• Improved inventory accountability: SKUs on a pallet are easier to track and monitor. Coding on each pallet allows the warehouse to quickly know a pallet’s product volume and overall stock level.
  • Time-saving at the dock door: Product arriving at a distribution center or store on a pallet takes less time to unload. The faster the delivery can be unloaded, the better the chance the truck can stay on schedule with each stop on the route. This time efficiency keeps the dock doors from being blocked for multiple deliveries throughout the day.
  • Preferred for perishable products: By transporting perishable product on a pallet, handling is much quicker, which reduces any risk to the items spoiling due to prolonged transport in unfavorable temperatures.
  • Optimized storage space: Because of the universal size of standard pallets, the ability to align and stack pallets creates better use of space in warehouses and trucks.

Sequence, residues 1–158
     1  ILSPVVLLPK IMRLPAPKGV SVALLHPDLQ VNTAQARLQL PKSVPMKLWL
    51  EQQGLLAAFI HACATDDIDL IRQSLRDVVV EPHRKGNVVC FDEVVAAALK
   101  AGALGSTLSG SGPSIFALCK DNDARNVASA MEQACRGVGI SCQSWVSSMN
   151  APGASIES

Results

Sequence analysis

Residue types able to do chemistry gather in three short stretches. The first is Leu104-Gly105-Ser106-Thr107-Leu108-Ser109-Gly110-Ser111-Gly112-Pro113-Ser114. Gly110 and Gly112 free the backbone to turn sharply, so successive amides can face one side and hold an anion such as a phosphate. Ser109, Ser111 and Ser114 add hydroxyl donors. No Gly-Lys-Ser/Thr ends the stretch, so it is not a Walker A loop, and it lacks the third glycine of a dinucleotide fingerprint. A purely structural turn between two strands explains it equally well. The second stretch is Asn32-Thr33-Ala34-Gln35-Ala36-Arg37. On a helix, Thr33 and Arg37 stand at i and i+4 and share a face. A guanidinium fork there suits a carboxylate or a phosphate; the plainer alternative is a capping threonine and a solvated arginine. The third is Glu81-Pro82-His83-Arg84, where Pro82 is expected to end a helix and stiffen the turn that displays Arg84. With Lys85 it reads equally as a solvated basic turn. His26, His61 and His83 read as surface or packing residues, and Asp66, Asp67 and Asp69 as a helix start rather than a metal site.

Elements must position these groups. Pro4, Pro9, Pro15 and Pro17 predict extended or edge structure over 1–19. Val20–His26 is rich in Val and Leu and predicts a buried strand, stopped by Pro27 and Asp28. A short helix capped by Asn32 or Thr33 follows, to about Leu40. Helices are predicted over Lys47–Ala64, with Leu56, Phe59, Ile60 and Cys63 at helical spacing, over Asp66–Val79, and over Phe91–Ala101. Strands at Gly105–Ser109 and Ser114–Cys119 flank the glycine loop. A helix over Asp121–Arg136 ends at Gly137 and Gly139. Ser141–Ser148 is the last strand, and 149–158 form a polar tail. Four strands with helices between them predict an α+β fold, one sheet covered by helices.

Different Types of Palletizing

When a supplier first decides to make palletizing part of their supply chain practice, the next step is to choose a method. There are three methods of palletizing:

1. Manual Palletizing

As the name suggests, manual palletizing is the use of manual force (usually by hand) to load product on a pallet. An employee in a warehouse physically moving boxes from an assembly line conveyor and then arranging them on a pallet is manual palletizing.

The biggest advantage to manual palletizing is simply the cost. Because it doesn’t require any expensive machinery, it is the least expensive form of palletizing. Disadvantages include time and risk. The manual method obviously takes more time than more automated forms of palletizing. Plus, the use of manual labor increases the risk of injury to employees.